Internal Revenue Code."  She literally ranked complexity as the most serious problem of the twenty problems that she was required to report that year.   Her entire 2010 report is available for your review..

As the National Taxpayer Advocate, Ms. Olson heads the Taxpayer Advocate Service (TAS), an agency within the IRS tasked with helping taxpayers who can't get satisfaction with their tax issues through normal IRS channels.  She is required by law to make an annual report to Congress and in it to identify at least 20 of the most serious problems encountered by taxpayers and to make administrative and legislative recommendations to mitigate those problems.

In her 2010 report Ms. Olson went on to describe tax complexity in terms of labor required to comply with tax filing requirements.  She reported:
A TAS analysis of IRS data shows that taxpayers and businesses spend 6.1 billion hours a year complying with tax-filing requirements. To place this in context, it would require more than three million full-time employees to work 6.1 billion hours, making “tax compliance” one of the largest industries in the United States.  Tax law complexity imposes monetary costs on taxpayers as well. About 60 percent of individual taxpayers pay practitioners to prepare their returns, and another 29 percent use tax software to assist them.

Ms. Olson's observations about the complexity of the tax code were not news to Congress.  Congress had painstakingly created every word of tax law over two centuries.  It stands as a masterpiece.  A tribute to our form of government... of the people, for the people, by the people.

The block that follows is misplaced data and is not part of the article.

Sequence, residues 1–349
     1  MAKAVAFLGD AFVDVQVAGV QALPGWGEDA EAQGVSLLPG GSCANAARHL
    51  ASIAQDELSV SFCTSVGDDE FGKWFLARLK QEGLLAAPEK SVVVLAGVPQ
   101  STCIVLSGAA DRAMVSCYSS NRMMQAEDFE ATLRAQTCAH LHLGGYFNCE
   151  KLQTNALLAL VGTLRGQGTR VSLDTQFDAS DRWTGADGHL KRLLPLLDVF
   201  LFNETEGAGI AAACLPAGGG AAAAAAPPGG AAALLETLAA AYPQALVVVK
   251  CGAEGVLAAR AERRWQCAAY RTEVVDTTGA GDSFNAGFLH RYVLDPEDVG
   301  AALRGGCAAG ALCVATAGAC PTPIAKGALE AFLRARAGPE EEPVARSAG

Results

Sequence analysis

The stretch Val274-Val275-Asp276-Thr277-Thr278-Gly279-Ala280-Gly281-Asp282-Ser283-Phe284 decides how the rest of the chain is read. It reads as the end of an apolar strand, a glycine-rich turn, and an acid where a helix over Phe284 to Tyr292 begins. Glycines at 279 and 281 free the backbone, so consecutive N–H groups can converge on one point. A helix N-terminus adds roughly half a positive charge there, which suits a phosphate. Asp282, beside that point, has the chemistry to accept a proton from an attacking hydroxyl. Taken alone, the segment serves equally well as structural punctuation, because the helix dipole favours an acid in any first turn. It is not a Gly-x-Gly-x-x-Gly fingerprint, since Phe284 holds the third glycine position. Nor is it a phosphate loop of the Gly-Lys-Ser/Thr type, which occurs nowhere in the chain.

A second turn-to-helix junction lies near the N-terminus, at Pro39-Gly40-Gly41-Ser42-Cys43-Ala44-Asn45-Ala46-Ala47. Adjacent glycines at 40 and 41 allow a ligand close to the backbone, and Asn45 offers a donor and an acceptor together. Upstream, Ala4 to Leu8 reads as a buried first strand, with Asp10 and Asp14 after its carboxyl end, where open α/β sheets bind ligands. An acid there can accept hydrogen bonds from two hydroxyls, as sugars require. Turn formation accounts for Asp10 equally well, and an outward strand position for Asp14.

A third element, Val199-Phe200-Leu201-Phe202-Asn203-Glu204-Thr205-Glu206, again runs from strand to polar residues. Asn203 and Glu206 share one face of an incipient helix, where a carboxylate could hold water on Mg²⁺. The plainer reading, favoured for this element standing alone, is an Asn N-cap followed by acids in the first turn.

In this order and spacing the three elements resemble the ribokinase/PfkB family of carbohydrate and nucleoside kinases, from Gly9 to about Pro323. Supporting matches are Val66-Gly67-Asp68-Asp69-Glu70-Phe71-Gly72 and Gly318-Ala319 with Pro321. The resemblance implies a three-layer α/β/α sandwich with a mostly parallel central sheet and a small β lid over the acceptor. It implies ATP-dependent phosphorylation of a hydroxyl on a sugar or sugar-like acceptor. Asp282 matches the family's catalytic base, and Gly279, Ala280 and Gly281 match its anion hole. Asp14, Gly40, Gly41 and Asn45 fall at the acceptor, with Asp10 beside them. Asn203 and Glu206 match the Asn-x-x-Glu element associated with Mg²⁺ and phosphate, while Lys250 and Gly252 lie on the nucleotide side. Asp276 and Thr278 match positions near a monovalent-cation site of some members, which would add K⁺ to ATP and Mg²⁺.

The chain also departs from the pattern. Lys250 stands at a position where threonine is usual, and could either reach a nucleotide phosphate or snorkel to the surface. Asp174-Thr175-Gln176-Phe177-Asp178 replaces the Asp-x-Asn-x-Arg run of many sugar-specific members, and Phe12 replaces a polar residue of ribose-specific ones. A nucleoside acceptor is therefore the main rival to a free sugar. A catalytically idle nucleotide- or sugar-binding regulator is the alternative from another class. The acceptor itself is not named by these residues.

In 2010 Ms. Olson presented her tenth annual report.  She had mentioned the complexity of the tax code every year on her list of top twenty problems.  She also had the temerity to suggest ways to fix the problem of complexity.  It is this kind of rebellious thinking that makes one wonder how she was ever appointed to a government post.  Can't she see that we have the best tax system that money can buy?

Of course complexity is increasing.  Congress knows this.  Of course this causes confusion for taxpayers, professional tax preparers, tax attorneys and employees of the IRS.  Congress knows this.  Confusion causes errors.  Congress knows this.  Errors can be penalized.  Congress knows this.  The Benevolent Bureaucracy collects additional revenue in the form of penalties without increasing tax rates.  Congress loves this!

Why doesn't Ms. Olson get it?  Complexity is how we all win; citizens, politicians and bureaucrats.  Our country is built on federal tax complexity.  Even in her own words Ms. Olson said,  “ compliance is one of the largest industries in the United States."  Does she think it would be that big without the benefit of complexity?  Would she have us close down one of our largest industries?  COMPLEXITY IS GOOD!  (As long as we are not among the unfortunate souls who must pay the penalties.)  

In conclusion, I believe that we have reasonably verified that the Internal Revenue Service (IRS):
  1. deliberately increases civil penalties assessed to some U.S. taxpayers 
  2. makes the tax code more complex as a means to accomplish point #1
  3. is competent at its task of increasing revenues despite difficult economic times
  4. has built one of the largest industries in the country
  5. is truly a Benevolent Bureaucracy for taxpayers who avoid penalties

Thank you for your attention,

Citizens for Tax Complexity

No comments: